After the betrothal is all arranged and Darcy is alone to consider what has occurred, he has this thought: "And now he was about to again undertake marriage with a woman who did not want him. Except, this time he planned to stay as far away from his wife as possible." Whoa! Looks like Darcy has been married previously and had a very bad time of it. This is a new twist! Only, it isn't. This line of thinking goes nowhere, apparently, and we are left wondering if we missed something.

When Darcy and Elizabeth reach Pemberley, Lady Matlock visits. She appears to already know Elizabeth! Interesting idea. But, we never find out more about this. It leads nowhere.

So, at some point the headache I was getting from these strange story line starts and stops makes the book difficult to read. Luckily for me another reviewer on Goodreads has chosen to fill their review with all the spoilers necessary to tell the rest of the story. I now can abandon the book without guilt.

Not recommended.

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Friday, June 17, 2016

Accepting Mr. Darcy by Jane Grix - Too short but intriguing - 4 Stars

Accepting Mr. Darcy: A Pride and Prejudice VariationAccepting Mr. Darcy: A Pride and Prejudice Variation by Jane Grix
My rating: 4 of 5 stars

Rating would actually be 3 1/2 stars.

Accepting Mr. Darcy was a short variation on P&P. The concept has been done before - Elizabeth learns her father is ill and dying. Therefore, when Darcy proposes at Hunsford she immediately accepts him and they become engaged. What made this one different for me, both good and bad, was the lack of external emotion attached to this change.

Darcy is very happy about the proposal and wants to take Elizabeth in his arms and kiss her passionately, but he doesn't. Elizabeth still dislikes Darcy and is simply marrying him for his money. However, her lack of enthusiasm is not obvious, as both of them are being very proper and are maintaining their composure.

What I like about this is how it in many ways matches the original. Elizabeth held back her negative opinion of Darcy such that he assumed she liked him and was anticipating his proposal. Darcy held back his passion for Elizabeth hoping to prevent any expectations of an offer. Unfortunately, he succeeded so well that she had no idea it was even a possibility. So, for the two of them to very sedately arrange to marry in this version actually makes complete sense given just the one change in circumstances: Mr. Bennet's imminent death.

We know in the original that once Darcy and Elizabeth start communicating, they quickly fall in love and resolve all of their miscommunication. Unfortunately for our couple, in this version Darcy overhears Lydia comment on Elizabeth's dislike of Darcy. He confronts Elizabeth with what he heard and she, although gently, basically confirms for him that she accepted him for his fortune. Instead of resolving their miscommunication, this now creates it, as Elizabeth is interested in developing a good relationship with her husband once this issue has been uncovered, while Darcy is hurt and backs away.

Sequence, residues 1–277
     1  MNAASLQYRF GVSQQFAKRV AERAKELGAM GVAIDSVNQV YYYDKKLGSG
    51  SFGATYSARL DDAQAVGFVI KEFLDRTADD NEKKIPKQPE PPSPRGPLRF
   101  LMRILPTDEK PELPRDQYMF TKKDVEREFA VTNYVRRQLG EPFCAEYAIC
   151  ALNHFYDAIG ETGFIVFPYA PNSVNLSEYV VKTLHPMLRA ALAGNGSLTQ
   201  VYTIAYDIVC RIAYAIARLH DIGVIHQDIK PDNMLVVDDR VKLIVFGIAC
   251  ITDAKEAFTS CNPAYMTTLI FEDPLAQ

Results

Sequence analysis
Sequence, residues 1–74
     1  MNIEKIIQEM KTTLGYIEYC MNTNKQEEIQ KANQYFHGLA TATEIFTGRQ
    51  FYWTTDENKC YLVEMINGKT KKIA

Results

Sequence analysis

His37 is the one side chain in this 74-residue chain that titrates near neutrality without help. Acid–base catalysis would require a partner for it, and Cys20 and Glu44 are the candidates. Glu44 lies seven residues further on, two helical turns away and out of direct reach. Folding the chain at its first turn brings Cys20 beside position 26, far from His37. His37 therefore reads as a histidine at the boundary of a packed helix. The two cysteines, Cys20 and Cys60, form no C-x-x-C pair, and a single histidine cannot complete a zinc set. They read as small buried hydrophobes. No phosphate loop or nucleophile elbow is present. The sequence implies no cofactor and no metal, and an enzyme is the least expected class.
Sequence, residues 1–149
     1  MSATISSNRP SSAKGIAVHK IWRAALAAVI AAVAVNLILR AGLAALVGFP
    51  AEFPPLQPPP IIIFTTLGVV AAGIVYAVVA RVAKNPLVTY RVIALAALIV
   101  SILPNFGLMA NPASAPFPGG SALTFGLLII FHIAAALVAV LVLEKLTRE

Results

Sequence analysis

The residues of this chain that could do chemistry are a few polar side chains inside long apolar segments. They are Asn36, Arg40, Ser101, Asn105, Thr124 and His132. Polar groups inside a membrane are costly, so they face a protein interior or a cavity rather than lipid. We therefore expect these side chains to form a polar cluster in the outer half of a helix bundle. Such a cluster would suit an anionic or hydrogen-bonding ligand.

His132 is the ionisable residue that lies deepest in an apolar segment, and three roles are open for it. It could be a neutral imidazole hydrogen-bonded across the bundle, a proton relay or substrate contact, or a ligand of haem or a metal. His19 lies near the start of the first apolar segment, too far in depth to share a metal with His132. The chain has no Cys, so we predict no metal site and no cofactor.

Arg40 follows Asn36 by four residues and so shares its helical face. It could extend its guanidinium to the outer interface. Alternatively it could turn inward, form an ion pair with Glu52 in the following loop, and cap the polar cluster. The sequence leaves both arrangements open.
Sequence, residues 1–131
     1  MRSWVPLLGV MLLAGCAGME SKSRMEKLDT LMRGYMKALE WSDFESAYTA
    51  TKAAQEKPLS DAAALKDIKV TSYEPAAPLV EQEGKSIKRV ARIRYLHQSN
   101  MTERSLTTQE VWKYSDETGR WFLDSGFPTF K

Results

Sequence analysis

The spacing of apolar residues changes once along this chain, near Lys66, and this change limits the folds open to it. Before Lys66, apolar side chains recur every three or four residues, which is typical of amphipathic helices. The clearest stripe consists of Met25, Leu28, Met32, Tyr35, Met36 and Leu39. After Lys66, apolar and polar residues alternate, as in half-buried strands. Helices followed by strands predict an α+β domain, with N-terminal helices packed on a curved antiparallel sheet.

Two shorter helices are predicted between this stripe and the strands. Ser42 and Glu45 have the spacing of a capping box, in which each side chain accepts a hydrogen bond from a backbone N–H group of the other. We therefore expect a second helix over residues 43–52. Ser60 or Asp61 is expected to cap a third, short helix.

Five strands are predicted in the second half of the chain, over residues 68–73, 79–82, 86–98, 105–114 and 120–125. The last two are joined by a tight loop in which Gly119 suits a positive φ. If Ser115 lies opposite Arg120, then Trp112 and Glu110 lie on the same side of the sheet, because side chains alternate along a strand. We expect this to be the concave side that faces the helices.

The resolution of this problem occurs as Darcy and Elizabeth find they need each other and begin to comfort each other during difficult times. This is a bit rushed, but feels natural enough. However, here is the part of liking it and not liking it for the same reason. It just feels like the couple reason everything out. I guess I was wanting a little bit more romance. I feel like the length of this version is what prevented the author from providing opportunities for our couple to fall in love.

But, to be fair to the author, I really loved her characterizations of Elizabeth and Darcy. Darcy has a very dry sense of humor and you can see why Elizabeth finds him attractive. Elizabeth very quickly determines she is not going to cry and fret over the misunderstanding she has with her husband. Yes, she married him for his fortune, but he loved her. She is going to be the woman he fell in love with and work to create a close and happy marriage. She pushes to make sure they are the "mutual help and support" mentioned in the wedding ceremony. I also enjoyed Bingley reminding Darcy about the "with my body I thee worship" aspect, too!

I would love to see what others think of this story to see if I am the only one torn between loving and disliking the same aspect. Overall, I would recommend Accepting Mr. Darcy, as it is at least an intriguing story. I just wish it had been longer.